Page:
Add a little salt. This is one of the nicest ways of serv-
ing the Avocado.
In Soups. The Avocado is used extensively in the tropics
in all kinds of meat soups. Cut in small cubes and add
to the soup just before serving. The flavor imparted is
With Nuts and Olives. Chop nuts and olives, mix with
an equal quantity of mashed Avocado. Spread between
thin slices of bread and butter, with lettuce. Mix ground
walnuts with Avocado pulp to thick paste and spread on
thin Graham bread or wafers. Also makes fine addi ion
to any salad.
Avocado Ice Cream. (1) One gallon cream, one pound
sugar, pulp of sixteen medium sized Avocados. Rub
Avocados through a seive, add to cream and freeze.
(2) Yolks of five eggs, one quart milk, green maraschino
cherries, two cups sugar, four medium size Avocados,
almond or vanilla extract. Make a boiled custard of
milk, eggs and sugar; flavor. When cool add the fruit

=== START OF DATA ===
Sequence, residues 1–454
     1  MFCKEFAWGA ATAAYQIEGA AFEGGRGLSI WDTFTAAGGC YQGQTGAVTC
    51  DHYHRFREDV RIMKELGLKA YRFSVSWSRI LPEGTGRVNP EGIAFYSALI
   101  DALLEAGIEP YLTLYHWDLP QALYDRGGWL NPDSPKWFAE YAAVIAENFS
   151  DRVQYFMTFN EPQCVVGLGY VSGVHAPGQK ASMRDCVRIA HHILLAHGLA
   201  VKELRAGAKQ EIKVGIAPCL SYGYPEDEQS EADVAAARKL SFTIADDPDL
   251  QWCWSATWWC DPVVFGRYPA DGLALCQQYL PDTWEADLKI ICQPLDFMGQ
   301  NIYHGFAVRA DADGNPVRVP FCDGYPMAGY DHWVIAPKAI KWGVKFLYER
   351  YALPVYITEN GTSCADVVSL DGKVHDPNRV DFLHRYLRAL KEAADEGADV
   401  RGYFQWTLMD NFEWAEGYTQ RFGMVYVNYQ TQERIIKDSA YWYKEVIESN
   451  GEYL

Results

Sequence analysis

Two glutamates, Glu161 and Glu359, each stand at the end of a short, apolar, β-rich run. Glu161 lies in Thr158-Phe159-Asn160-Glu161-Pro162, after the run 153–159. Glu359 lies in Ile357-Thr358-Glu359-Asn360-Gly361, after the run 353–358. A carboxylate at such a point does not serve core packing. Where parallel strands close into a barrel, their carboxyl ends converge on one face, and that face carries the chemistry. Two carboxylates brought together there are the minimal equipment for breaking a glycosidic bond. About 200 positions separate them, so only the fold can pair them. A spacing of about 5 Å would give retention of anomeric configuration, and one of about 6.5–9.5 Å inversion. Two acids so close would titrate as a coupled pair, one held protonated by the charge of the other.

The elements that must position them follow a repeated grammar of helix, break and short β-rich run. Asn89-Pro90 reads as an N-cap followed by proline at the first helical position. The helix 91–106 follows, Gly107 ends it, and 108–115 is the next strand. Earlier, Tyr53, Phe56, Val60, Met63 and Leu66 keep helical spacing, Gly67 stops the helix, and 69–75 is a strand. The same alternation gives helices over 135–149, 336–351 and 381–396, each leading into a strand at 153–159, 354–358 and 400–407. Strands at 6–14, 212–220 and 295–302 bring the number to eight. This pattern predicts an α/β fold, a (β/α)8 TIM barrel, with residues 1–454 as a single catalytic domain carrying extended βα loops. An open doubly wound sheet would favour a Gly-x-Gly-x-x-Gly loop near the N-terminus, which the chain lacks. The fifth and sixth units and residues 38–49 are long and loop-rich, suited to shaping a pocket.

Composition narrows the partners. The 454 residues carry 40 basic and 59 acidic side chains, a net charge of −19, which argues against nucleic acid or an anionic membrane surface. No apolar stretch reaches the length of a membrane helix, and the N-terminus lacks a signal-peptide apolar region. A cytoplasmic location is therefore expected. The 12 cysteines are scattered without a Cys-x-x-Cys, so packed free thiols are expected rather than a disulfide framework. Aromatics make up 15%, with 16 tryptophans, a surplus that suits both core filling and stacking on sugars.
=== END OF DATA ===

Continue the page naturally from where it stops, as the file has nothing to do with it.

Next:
and freeze. A maraschino cherry on top of each dish
is an attraction.
These recipes were selected on account of their sim-
plicity, but the thoughtful housewife can enlarge upon
them and find many ways of combining and serving the
Avocado. The fruit is used very extensively in salads of
Citrus and Tropical Fruit Culture
A Montezuma tree in Guatemala, producing 3000 fruits per annum averaging 7J/2 pounds each.
MISCELLANEOUS TROPICAL FRUITS
The Feijoa, (pronounced Fay-zho-a, accenting the mid-
dle syllable) sometimes called the Pineapple Guava, is
a native of South America and was first i-ntroduced into
France by Edouard Andre in 1890. From there it was
brought to California about 1900, and through the efforts
of Dr. Francheschi, of Santa Barbara, calling attention of